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The way genre influences ancient discussions of magic has been understudied. Poetic depictions of magicians have been given too much credit for accuracy, while the restrictions on what prose genres treat assuitable for discussion have been passed over. (Gordon 1987 and Graf 1997 are exceptions). How ancient authors of fiction and nonfiction, prose and poetry discuss magic has usually been treated as a basic worldview which remains constant throughout their works, rather than as something which changes in different contexts.However, genre can strongly influence the stance which ancient authors take on what magic is, how and why it works, and how morally suspect it is. In this paper, I examine one of the clearest cases of a single author’s understanding of magic shifting between genres, and how this affects our understanding of him as a source.

Most of Columella’s agricultural handbook De re rustica is prose. However,he composed book 10, on garden plants, in hexameters as a continuation of Vergil’s Georgics. Columella twice describes a magical remedy for ridding a garden of destructive caterpillars:once in prose (11.3.63-64) and once (10.357-68) in poetry. The procedure is the same in both passages. A menstruating woman is sent to walk in a circle three times around the plants, whereupon the pests, according to Columella, will immediately curl up and die. However, the tone of the two passages is quite different. In prose, Columella attributes this charm to the philosopher Democritus, who had a reputation as a magician by the imperial period;specifically, Columella says the charm comes from Democritus’ On Antipathies. The theory of sympathies and antipathies, inborn affinities and incompatibilities between particular substances and living things, was used by natural philosophers to explain“magic”; in this example, the natural antipathy between a menstruating woman and caterpillars is strong enough to kill the caterpillars. By citing a work on antipathies, Columella presents the charm as a fundamentally natural phenomenon, susceptible to scientific explanation, even if the uneducated identify it as magic. The line between science and magic was hazy in the imperial period, as Democritus’ reputation shows, and magic could be scientific and yet remain magical. In his poetic description, by contrast, Columella presents the caterpillar charm in more overtly magical terms. He compares it to the spells Medea used to subdue the dragon guarding the golden fleece, setting it in a mythological rather than scientific context. He also focuses on details not in his prose description such as the woman’s virginity, youth, and that it is her first menstrual cycle. This is typical of Roman poets, who usually focus on a smaller body of canonical magical practices (potions, the iunx, chanted spells) than prose authors, and who appreciate vivid details. Columella’s caterpillar charms suggests that genre is a more important factor in how people describe and explain magic than is typically realized. When writing technical prose, authors largely discuss contemporary magic, and treat it as a natural phenomenon which can be explained without reference to gods or spirits, part of a scientific and philosophical tradition to which figures like Democritus belong. It is a serious topic, and authors aiming at literary and social respectability are wary of discussing magic too lightly or approvingly. They gloss over many of the details which belonged to magic in the popular imagination. Poets, on the other hand, deal with magic as part of a largely mythological world in which gods, heroes, and ghosts operate. Magic is the subject of gleefully lurid poetic descriptions, since literary tradition and the distance of the mythological universe from the everyday allowed poets to discuss magic more openly and in more approving terms than prose authors. They draw on contemporary scientific and philosophical literature about magic, but hide it under a mythological veneer, focusing on the involvement of the supernatural and on a body of especially picturesque details.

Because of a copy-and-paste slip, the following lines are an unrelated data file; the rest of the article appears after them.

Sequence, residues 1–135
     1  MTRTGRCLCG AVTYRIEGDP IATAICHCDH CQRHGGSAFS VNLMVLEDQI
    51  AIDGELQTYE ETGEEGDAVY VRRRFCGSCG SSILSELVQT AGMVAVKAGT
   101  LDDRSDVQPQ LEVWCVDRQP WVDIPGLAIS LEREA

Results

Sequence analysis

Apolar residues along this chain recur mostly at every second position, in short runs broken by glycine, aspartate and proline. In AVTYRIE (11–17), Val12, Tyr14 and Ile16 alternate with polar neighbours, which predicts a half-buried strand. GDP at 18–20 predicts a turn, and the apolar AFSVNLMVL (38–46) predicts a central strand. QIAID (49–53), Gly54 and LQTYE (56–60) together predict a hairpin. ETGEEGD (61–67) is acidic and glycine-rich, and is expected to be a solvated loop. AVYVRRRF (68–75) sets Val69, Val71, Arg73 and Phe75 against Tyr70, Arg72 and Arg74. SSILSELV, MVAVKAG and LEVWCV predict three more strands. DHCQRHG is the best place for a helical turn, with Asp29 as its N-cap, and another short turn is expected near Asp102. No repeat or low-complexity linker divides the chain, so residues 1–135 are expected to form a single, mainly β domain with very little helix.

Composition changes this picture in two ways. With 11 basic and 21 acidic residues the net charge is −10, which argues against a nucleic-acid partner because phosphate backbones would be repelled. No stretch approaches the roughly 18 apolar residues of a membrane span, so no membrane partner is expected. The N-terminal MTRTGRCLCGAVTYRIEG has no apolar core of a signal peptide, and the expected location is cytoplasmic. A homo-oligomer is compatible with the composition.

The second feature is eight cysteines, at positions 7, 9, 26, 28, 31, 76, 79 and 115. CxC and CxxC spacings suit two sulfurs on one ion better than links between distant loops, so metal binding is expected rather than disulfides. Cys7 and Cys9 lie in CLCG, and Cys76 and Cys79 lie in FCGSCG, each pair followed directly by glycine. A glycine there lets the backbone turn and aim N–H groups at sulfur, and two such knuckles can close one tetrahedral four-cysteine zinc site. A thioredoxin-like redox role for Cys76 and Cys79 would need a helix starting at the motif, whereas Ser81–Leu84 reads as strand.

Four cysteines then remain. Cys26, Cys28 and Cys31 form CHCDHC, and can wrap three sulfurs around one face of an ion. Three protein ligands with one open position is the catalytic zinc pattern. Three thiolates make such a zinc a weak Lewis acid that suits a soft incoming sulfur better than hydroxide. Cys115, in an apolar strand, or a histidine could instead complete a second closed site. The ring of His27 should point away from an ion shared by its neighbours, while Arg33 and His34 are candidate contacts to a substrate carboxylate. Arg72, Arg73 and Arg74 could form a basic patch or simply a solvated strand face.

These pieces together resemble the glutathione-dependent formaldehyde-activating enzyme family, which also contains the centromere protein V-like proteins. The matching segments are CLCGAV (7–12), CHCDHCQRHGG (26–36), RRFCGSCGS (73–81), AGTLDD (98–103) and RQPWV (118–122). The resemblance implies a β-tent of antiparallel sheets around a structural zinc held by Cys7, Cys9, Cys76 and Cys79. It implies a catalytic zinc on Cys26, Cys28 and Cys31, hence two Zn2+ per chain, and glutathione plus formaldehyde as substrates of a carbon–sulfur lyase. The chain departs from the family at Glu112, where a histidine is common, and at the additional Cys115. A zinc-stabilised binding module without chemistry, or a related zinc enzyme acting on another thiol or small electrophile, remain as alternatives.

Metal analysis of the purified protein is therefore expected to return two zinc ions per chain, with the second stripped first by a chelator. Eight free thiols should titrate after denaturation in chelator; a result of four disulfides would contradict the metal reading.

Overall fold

• Gordon, Richard L.“Aelian’s peony: the location of magic in Greco-Roman tradition.” Comparative Criticism 9 (1987): 59-95.
  • Graf, Fritz. Magic in the Ancient World.Cambridge, Mass., 1997.